The fall (bababadalgharaghtakamminarronnkonnbronntonner-ronntuonnthunntrovarrhounawnskawntoohoohoordenenthurnuk!) of a once wallstrait oldparr is retaled early in bed and later on life down through all christian minstrelsy. The great fall of the offwall entailed at such short notice the pftjschute of Finnegan, erse solid man, that the humptyhillhead of humself prumptly sends an unquiring one well to the west in quest of his tumptytumtoes: and their upturnpikepointandplace is at the knock out in the park where oranges have been laid to rust upon the green since devlinsfirst loved livvy.

    In collapse and decline we find hints of rebirth to some ancient glory—the return of the ancient Irish heroism of Finn MacCool. (“Hohohoho, Mister Finn, you're going to be Mister Finnagain!”) So we’re reading a book of sadness that leads to joy, of hazy connections that exist beyond gloom, beyond logic, and sometimes just at the level of sound (between Finnegan and Finn, again), all of which intimates the promise of life that never never makes perfect sense.

    Notice, too, that the title of the Wake lacks an apostrophe. You can read the title as an encouraging command, urging all Finnegans, all of us fallen and struggling people, to wake up into free-floating consciousness within our routine, elemental experiences. Episodes of Finnegan and Friends will trace this waking through one elemental experience at a time—of water, of dreams, of language—and each will be accompanied by notes like this one, on Joyce’s novel and on a related, Joycean life adventure.
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    • 31 min
    Finnegan and Friends Trailer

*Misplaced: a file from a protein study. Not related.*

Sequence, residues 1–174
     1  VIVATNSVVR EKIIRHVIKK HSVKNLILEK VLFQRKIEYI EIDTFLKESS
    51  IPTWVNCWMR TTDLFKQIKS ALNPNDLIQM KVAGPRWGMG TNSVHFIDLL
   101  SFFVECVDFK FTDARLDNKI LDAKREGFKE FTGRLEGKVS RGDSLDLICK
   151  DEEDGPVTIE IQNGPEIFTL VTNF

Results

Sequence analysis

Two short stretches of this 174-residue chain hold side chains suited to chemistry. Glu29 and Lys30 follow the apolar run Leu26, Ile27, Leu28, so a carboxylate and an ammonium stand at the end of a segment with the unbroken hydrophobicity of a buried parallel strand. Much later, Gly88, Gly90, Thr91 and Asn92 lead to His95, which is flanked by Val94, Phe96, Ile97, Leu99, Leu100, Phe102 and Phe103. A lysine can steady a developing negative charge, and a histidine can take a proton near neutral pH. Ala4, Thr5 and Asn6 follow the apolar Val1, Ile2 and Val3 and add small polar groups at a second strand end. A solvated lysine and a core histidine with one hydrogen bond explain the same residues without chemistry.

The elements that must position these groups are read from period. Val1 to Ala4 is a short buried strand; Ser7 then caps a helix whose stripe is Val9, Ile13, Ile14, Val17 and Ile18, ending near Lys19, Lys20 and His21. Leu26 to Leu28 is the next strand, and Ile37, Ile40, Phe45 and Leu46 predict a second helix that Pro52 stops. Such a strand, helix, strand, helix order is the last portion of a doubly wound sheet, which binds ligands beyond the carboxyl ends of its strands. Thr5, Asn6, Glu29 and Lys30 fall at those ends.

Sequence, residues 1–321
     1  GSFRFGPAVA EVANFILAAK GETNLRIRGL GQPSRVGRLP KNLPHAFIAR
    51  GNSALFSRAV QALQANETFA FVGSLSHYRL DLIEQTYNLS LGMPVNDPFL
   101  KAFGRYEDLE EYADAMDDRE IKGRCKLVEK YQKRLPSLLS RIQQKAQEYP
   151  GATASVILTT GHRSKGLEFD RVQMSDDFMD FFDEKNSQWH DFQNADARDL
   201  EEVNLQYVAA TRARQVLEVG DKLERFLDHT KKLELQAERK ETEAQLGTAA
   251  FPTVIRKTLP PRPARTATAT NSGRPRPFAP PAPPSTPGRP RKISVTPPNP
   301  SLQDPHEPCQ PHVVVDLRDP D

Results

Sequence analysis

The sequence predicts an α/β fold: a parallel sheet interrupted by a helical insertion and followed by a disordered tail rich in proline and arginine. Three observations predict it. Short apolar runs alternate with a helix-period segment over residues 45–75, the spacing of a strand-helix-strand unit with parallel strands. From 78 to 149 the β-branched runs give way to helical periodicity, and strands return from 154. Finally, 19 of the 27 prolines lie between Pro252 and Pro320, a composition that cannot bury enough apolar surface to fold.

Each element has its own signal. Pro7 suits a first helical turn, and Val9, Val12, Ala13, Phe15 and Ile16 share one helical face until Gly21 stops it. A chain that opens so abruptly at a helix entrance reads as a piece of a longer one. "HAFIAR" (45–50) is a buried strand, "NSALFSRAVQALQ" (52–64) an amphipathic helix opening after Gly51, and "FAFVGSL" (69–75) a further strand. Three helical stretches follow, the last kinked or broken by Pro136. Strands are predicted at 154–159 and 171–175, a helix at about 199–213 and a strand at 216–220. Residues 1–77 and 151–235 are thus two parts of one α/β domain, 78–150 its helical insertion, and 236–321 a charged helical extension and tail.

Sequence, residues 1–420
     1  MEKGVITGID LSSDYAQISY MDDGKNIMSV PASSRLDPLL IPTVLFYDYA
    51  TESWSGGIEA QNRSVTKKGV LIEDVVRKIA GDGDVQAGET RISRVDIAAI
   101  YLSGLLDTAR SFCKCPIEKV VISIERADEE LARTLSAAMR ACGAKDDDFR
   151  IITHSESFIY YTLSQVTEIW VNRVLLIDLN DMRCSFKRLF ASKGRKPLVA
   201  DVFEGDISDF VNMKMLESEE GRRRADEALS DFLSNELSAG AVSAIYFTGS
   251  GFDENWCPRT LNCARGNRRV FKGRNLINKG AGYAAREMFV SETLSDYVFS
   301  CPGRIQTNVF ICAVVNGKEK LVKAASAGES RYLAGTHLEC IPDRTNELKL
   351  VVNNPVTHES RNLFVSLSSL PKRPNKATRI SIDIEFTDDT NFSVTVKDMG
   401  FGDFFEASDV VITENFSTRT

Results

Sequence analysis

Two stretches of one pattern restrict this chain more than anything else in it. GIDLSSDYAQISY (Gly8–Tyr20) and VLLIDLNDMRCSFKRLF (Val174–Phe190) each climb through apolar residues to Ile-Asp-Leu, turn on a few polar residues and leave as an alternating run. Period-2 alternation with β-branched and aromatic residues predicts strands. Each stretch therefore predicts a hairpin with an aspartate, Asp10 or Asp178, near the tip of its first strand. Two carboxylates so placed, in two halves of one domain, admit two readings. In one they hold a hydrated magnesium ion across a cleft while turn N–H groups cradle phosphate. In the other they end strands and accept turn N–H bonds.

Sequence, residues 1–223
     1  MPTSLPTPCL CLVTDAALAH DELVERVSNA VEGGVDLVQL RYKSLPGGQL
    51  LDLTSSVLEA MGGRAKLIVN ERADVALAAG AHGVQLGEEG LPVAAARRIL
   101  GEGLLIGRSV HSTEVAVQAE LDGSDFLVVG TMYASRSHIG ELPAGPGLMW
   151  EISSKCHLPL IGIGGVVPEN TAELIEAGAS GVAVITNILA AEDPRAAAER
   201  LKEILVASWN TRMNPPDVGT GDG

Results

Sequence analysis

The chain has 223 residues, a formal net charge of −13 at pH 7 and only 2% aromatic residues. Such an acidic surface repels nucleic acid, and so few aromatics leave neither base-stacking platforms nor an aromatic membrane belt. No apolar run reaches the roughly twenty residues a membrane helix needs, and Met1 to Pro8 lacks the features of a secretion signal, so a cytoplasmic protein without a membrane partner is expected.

Finnegan and Friends Trailer

    Prepare for our five-part series about the most mystifying book ever written: James Joyce’s Finnegans Wake. With a range of guests—including a novelist, an actor, a sleep specialist, a philosopher, and several Joyce scholars—Finnegan and Friends follows tangents inspired by Joyce’s novel of dreamy strangeness. We discover, along the way, that the Wake’s infinite complexity comes from attention to our most simple, elemental experiences (of dreams, of water, of local and familiar language). This show celebrates the wonders of the basic stuff of life.
    Learn more about your ad choices. Visit megaphone.fm/adchoices

    • 2 min

Customer Reviews

5.0 out of 5
7 Ratings

7 Ratings

Cisco Bananas ,

Is a podcast about Finnegan’s Wake listenable?

A joyous yes! As a reader, I’ve always stood timorously before the literary Everest that is Finnegan’s Wake. Unsure whether my past reading experiences had sufficiently prepared me, I could neither begin the ascent nor put aside the desire to make the climb. After listening to the first episode of F&F, I finally feel up to the challenge. My newly found confidence stems from the fact that the deeply-skilled host Adam Colman will be the one leading the Everest expedition. Onwards, ever onwards!